From Augustus Pugin to French postcards, a guide to lectures taking place this autumn
The legacy of Augustus Welby Northmore Pugin in Ireland; the history of the earliest piece of documented Chinese porcelain in Europe, the Fonthill Vase, and the perennially fresh furniture designs of Eileen Gray. These are some of the topics for the forthcoming lecture series organised by the Cork Decorative and Fine Arts Society (DFAS).
By way of a taster, the society will host a free public lecture at Cork City Library on Wednesday, September 12th, when the architectural historian Jessie Castle will give a talk entitled: “Hidden in Plain Sight: Nano Nagle’s 18th-Century Convent.”
Castle was closely involved with the redevelopment of Nano Nagle Place, which, with its community education project, migrants’ centre, interactive visitor experience and cafe, has created a space in the centre of Cork city where 21st-century communities can flourish.
“We’ve just run a workshop up there, where we took children aged 12 – with their parents and guardians, of course – and turned them into historical detectives,” Anthony Wade says. “We showed them the stained-glass windows in the Goldie Chapel, then gave them some historical material such as birth certificates and biographies, and asked them to come up with reasons why there might be a window to any particular person – perhaps they were a butter merchant in Cork, or a parish priest, or whatever. We all had a whale of a time.”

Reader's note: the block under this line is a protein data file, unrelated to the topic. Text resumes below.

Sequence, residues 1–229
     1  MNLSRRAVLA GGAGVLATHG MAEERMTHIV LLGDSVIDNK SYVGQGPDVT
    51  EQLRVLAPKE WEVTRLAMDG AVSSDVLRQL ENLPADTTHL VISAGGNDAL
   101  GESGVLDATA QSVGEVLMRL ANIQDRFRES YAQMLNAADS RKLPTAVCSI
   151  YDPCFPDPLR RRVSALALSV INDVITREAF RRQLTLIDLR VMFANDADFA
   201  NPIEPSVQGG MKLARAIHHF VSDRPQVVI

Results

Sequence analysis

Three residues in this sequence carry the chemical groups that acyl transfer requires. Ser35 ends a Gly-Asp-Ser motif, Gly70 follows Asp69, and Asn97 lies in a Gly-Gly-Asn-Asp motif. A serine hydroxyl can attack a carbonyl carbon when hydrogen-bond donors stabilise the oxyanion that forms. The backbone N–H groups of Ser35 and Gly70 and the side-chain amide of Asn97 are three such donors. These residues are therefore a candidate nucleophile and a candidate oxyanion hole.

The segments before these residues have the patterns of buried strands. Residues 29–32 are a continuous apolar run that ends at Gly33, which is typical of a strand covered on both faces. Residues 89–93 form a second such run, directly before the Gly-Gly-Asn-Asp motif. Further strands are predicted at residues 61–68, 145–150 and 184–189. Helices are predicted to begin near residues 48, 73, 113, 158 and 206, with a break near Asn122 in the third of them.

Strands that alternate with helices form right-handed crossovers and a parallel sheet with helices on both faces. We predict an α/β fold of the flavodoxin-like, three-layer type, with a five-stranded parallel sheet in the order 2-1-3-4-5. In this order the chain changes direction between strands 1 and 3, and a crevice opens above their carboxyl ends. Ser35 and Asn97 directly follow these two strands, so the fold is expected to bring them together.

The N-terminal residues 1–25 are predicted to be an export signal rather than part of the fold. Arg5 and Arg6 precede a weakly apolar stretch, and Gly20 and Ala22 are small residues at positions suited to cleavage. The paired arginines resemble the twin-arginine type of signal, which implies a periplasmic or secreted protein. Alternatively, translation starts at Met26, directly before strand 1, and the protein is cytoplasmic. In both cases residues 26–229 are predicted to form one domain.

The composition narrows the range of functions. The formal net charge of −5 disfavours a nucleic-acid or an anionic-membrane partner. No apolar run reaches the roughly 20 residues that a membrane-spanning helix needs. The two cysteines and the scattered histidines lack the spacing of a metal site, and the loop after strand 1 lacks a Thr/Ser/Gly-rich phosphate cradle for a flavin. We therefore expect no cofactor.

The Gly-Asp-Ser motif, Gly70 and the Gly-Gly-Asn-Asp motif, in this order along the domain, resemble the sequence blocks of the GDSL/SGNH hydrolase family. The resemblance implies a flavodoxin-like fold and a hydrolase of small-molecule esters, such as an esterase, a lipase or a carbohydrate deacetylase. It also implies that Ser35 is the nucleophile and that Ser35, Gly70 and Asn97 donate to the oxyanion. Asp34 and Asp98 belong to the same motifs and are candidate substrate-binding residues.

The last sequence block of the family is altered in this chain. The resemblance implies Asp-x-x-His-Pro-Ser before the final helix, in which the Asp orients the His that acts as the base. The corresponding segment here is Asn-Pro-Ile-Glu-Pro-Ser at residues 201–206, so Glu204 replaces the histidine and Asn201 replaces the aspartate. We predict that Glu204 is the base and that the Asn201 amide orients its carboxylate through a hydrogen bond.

Wade set up Cork DFAS with his wife Pam in 2013, when they returned to Ireland after having lived and worked abroad for many years. “We thought we’d meet interesting people, and get to know people – and that’s exactly what happened,” he says.
“The central library, where we hold the free public lecture, is an associate member – as are pretty well all the cultural and artistic institutions in the Cork area. That gives us a backbone, or a sort of web, to which we’ve attached ourselves. We’ve also had terrific support from Cork City Council through the Cork City heritage grant scheme. This helps us carry out conservation projects – our members are currently recording the fixtures and fittings of St Anne’s Church in Shandon. ”
The autumn-winter lecture series begins on October 3rd, when Jane Choy from the Mauritshuis at The Hague gives a talk entitled “Rembrandt: Bohemian or Businessman, Romantic or Rebel?” That will be followed by Adrian Le Harivel, a curator at the National Gallery of Ireland, on Nathaniel Hone (November 7th) and blogger and art historian Elaine Hoysted on motherhood in early modern Ireland (December 5th).
Tony Harpur will take a look at Pugin’s legacy in Ireland on February 6th and Sarah Foster from CIT Crawford College of Art and Design will explore the hair-raising history of the 14th-century Fonthill Vase (March 6th). Mary Healy from University College Cork will examine French postcard culture and Algeria (April 3rd) and the series will conclude with a look at the work of the designer and architect Eileen Gray by Jennifer Goff, curator of the Eileen Gray collection at the National Museum of Ireland (May 1st).